Finance Minister Nirmala Sitharaman on Wednesday said any increase in GST rates under the rate rationalisation exercise is intended to make up for the ‘inefficiencies’ in the value chain.
Stating that all states are aware of the potential impact of rate rationalisation on inflation, Sitharaman said any increase in tax rates will also make up for the tax burden, which is being borne by some other activities in that value chain.
“Technology may correct anomalies for inefficiencies and therefore may have a possible impact on revenue collection. But the revenue-neutral rate of the RBI study has been breached to the disadvantage of the system… That calls for a correction…,” Sitharaman told reporters after the 47th Council meeting here.
As per an RBI study, the weighted average tax rate under the Goods and Services Tax (GST) has come down to 11.6 per cent, from 14.4 per cent at the time of the launch.
The revenue-neutral rate under GST should be about 15.5 per cent, as per the Subramanian Committee report, which was submitted before the GST launch.
Sitharaman said huge refunds are being given out due to duty inversion in certain cases and that needs to be corrected.
“As a result of which again you are sitting over potential tax yielding points, which have been left out. That’s not the efficiency of the system. So, rate rationalisation, if it results in an increase, is also making up for…the kind of inefficiencies, which have appeared now or the collateral which is being borne by some other activities in that value chain,” she said.
So, rate rationalisation is something the Group of ministers (GoM) is looking at from this point of view also, Sitharaman said.
Inefficiencies in the taxation system creep in when inputs and final products are taxed at varying rates, leading to either tax evasion or business entities not being able to fully utilise the input tax credit fully.
The GST Council, chaired by Union Finance Minister and comprising state finance ministers, in the 47th meeting here approved the interim report of the GoM on rate rationalisation, headed by Karnataka Chief Minister Basavaraj Bommai.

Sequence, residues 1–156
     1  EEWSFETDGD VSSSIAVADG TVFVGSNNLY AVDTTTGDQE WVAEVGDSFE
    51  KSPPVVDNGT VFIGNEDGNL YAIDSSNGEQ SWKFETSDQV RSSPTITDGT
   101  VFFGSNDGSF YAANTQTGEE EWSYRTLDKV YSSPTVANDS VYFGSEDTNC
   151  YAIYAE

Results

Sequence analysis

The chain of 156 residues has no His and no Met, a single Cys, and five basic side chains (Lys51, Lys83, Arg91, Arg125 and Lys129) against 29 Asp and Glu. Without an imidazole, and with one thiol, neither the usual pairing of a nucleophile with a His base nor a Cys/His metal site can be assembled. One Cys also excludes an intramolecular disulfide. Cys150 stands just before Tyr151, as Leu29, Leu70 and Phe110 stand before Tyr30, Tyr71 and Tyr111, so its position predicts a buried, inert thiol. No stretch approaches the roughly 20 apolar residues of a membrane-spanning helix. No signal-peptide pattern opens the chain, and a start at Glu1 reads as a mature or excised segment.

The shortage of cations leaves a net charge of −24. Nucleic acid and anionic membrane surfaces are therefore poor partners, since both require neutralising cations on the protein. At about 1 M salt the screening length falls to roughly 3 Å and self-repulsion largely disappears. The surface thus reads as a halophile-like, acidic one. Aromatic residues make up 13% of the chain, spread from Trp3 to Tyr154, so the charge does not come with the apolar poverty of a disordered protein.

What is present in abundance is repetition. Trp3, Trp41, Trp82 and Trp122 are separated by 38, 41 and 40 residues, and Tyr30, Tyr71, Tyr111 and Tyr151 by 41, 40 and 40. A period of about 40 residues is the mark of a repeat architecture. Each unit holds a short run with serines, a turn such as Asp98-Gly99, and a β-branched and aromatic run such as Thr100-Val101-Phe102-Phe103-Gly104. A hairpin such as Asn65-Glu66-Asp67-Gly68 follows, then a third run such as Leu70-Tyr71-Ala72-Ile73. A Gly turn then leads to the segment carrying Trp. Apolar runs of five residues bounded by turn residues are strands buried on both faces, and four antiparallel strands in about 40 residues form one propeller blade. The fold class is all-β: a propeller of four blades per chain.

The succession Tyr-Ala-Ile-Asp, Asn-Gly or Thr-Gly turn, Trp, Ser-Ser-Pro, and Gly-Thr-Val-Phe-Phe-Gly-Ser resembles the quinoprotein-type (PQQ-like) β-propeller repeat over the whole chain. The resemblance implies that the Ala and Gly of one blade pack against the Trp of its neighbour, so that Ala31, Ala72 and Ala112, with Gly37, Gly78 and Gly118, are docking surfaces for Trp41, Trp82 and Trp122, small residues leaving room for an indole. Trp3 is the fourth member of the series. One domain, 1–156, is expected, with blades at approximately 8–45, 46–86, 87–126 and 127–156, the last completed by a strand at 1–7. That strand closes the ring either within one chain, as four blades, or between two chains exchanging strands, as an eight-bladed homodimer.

The council also gave a 3-month extension to the panel for submitting a full report on rate rationalisation and potential tax slab merger under the GST.
Asked about the potential impact of rate increases on inflation, Sitharaman said inflation is not any one particular state’s concern.
“All ministers (in Council) are aware. They are all looking at the system keeping that in mind. So, decisions taken by the council are not as though are being taken in isolation. Elected representatives who are part of the GST council are fully conscious …,” she said.
“There was no opposition to the rate increase from any state,” Sitharaman said.
The panel in its interim report, now approved by the council, has suggested removing the GST exemption on a host of items and also correcting duty inversion in some cases. The changes will be implemented from July 18.
So, pre-packed and labelled meat, except frozen, fish, curd, paneer, honey, dried leguminous vegetables, dried makhana, wheat and other cereals, wheat or meslin flour, jaggery, puffed rice (muri), all goods and organic manure and coir pith compost will not be exempted from GST and will attract a five per cent tax from July 18.
Similarly, 18 per cent GST will be levied on the fee charged by banks for the issue of cheques (lose or in book form). Maps and charts, including atlases, will attract a 12 per cent levy, while goods that are unpacked, unlabelled and unbranded will continue to remain exempted from the GST.
Besides, 12 per cent tax on hotel rooms below Rs 1,000/day will be levied against tax exemption currently.
Also, inverted duty for a host of items, including edible oil, coal, LED lamps, printing/drawing ink, finished leather and solar water heater too would be corrected.
The council also approved the report of the fitment committee, comprising officers of central and state governments, to tweak tax rates in some items.
Tax rates for orthopaedic implants (Trauma, Spine, and Arthroplasty Implants in body); Orthoses (Splints, braces, belts & callipers); Prostheses (artificial limbs) will be cut to a uniform five per cent, from the current differential rate of 12 and 5 per cent.
The Committee also recommended a reduction in the GST on ropeway travel from 18 per cent to 5 per cent and on Ostomy Appliances from 12 per cent to 5 per cent.
The GST on tetra pack too would be hiked to 18 per cent from 12 per cent at present.